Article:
Sean Antrim: You have served on a number of different art-institutions Boards. In Vancouver there are a lot of art spaces that are under erasure, especially under the threat of real estate speculation. If you go to the corner of Carroll and Hastings, Centre A, an internationally recognized institution has a ‘for lease sign’ on their building, there are also a lot of other artist-run spaces who are paying too much money for rent, and they are looking for new spaces. For Vision Vancouver and the NPA, the way they build artist-run spaces is through Community Amenity Contributions but this does nothing to protect existing spaces. Now the critique from artist communities, is that CAC’s are poorly-funded, restrictive, blank concrete-cubes that are incapable of providing adequate space for artists, then you couple this with the fact that there are a number of affordable artist-run spaces that are being torn down. What is your strategy to fund these projects as well as maintain Vancouver’s dynamic artist-run culture so that it is not displaced entirely.
Sandy Garossino: I see this in the broader context, in cultural context. The real cause of the problem, is that real-estate prices are off the charts. Being able to fund small boxes and little spots here and there is not how you instill energy and dynamism in a cultural community. My daughter is an artist living and working in Montreal. She is in the music scene, she is rising. Things are happening there. Why? It is not because of her space, it is because she is around other exciting artists and musicians. They have a a whole scene there. It is not a typical postal-stamp place that is affordable. It is about having an environment which is artist-friendly, where it is possible to be an artist where other artists want to be.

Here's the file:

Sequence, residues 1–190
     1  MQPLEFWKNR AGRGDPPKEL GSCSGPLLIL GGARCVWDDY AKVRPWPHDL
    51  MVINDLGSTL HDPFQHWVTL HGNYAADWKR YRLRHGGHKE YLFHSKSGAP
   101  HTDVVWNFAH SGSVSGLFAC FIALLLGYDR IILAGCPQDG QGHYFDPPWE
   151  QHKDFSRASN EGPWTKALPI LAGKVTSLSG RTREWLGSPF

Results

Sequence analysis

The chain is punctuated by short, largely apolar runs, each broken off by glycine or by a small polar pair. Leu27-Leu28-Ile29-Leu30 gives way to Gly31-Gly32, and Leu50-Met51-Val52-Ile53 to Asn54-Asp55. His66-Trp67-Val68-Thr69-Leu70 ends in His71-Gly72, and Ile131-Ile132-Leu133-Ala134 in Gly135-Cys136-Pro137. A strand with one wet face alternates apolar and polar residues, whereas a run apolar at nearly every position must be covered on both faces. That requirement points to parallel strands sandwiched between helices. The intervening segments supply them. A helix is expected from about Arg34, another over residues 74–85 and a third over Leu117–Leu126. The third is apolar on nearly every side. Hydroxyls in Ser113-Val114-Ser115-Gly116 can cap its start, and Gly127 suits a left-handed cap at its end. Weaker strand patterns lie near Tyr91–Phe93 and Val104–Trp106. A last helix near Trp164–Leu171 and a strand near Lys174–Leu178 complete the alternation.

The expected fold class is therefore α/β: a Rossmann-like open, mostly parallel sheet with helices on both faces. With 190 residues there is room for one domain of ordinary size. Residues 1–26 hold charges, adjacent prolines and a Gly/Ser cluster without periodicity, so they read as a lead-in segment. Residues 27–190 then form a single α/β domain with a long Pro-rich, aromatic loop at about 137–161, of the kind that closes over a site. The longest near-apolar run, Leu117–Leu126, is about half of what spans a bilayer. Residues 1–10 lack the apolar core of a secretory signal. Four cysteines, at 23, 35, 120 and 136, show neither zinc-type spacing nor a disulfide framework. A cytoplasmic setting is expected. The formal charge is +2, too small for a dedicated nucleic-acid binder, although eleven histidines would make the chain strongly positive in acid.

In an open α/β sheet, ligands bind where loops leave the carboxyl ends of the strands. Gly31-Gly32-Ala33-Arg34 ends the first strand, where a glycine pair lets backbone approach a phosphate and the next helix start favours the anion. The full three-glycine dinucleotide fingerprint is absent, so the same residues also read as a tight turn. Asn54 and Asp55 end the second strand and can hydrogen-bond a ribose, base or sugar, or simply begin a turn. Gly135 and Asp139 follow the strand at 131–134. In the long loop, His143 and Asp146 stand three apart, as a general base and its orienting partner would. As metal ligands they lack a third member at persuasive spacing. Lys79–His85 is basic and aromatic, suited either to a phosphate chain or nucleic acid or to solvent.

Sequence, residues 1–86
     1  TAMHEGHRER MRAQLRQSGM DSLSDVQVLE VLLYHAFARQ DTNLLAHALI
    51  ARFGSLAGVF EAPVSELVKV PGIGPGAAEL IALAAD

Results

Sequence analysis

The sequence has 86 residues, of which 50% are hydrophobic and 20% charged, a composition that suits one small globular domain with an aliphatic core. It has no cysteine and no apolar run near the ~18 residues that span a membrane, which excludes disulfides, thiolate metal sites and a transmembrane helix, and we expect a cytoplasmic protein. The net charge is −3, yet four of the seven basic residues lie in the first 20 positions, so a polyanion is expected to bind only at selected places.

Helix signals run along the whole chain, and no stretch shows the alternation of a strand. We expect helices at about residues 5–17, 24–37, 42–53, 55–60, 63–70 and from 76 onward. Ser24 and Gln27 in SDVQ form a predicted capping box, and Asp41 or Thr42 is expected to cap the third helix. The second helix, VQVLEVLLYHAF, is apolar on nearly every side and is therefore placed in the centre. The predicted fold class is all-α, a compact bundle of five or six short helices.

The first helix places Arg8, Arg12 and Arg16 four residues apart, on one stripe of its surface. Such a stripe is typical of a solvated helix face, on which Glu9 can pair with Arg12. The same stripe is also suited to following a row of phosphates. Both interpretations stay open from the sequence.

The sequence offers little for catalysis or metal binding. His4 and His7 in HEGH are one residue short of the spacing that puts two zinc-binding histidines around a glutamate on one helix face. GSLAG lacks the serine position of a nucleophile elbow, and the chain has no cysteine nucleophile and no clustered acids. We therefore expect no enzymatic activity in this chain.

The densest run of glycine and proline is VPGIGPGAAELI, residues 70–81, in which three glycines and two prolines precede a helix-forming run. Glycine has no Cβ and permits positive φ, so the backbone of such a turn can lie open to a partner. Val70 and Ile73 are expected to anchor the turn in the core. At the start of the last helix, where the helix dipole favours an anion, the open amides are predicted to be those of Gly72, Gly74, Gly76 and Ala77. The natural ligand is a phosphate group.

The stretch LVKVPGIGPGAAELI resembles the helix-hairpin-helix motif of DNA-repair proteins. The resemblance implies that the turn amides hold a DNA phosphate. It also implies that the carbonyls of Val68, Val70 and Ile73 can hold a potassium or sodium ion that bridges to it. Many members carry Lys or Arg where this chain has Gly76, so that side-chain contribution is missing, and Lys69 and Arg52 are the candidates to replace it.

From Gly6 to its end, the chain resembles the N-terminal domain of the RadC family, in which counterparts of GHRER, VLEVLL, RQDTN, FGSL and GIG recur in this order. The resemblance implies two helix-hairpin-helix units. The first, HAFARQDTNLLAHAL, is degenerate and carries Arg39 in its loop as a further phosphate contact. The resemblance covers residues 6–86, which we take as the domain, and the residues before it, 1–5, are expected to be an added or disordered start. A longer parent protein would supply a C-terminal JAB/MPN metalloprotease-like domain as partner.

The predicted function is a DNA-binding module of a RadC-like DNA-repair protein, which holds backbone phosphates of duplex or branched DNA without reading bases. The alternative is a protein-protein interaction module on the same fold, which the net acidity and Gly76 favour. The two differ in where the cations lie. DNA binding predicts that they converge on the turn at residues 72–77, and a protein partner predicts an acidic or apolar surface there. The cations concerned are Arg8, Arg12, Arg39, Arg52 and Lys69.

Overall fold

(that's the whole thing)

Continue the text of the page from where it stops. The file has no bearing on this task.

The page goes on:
I am reluctant to weigh into this discussion, talking about policy around space. This is really a policy around culture. Concrete small ‘c’ culture, our community culture. I am a dedicated, go-to-the-wall for artists advocate, but in that way, I don’t see the artists, in particular, as a special case. They are suffering in the same way as the child care workers are suffering, and the nurses are suffering, and anyone who is working here. It comes back to affordability for everybody. It is not only about activity space. We are in a severely challenged environment, and we need to get to the bottom of it. We might look to zoning for preserving areas, because it is not an answer to just to say, “we need to worry about our culture,” we are loosing the Red Gate, we are loosing these spaces. A place like the Or Gallery only survives because we have a landlord who is dedicated to preserving these spaces. I do think that council has a role to play, and public culture services and the planning department have to really put culture out there as a huge priority. The biggest thing is that they ought to be aware when the red gate is on its knees, the planning dept. should acknowledge them, there should be those conversations and relationships. A lot of it is not about rules, but about having the conversation behind the scenes.
Sean Antrim: Why should people vote for Sandy Garossino on November 19th?
Sandy Garossino: Because we do need to get new voices in and, in particular, if you look at the development issue, there’s just a huge amount of money being poured into the parties and we need to have much more wide-open ability for interesting people to come forward. The other reason is that I will attack this affordability issue, and I’m going to get right to the heart of it, and not tinker around the edges and say there, we’re done. We’re not done until people can afford to live in this city.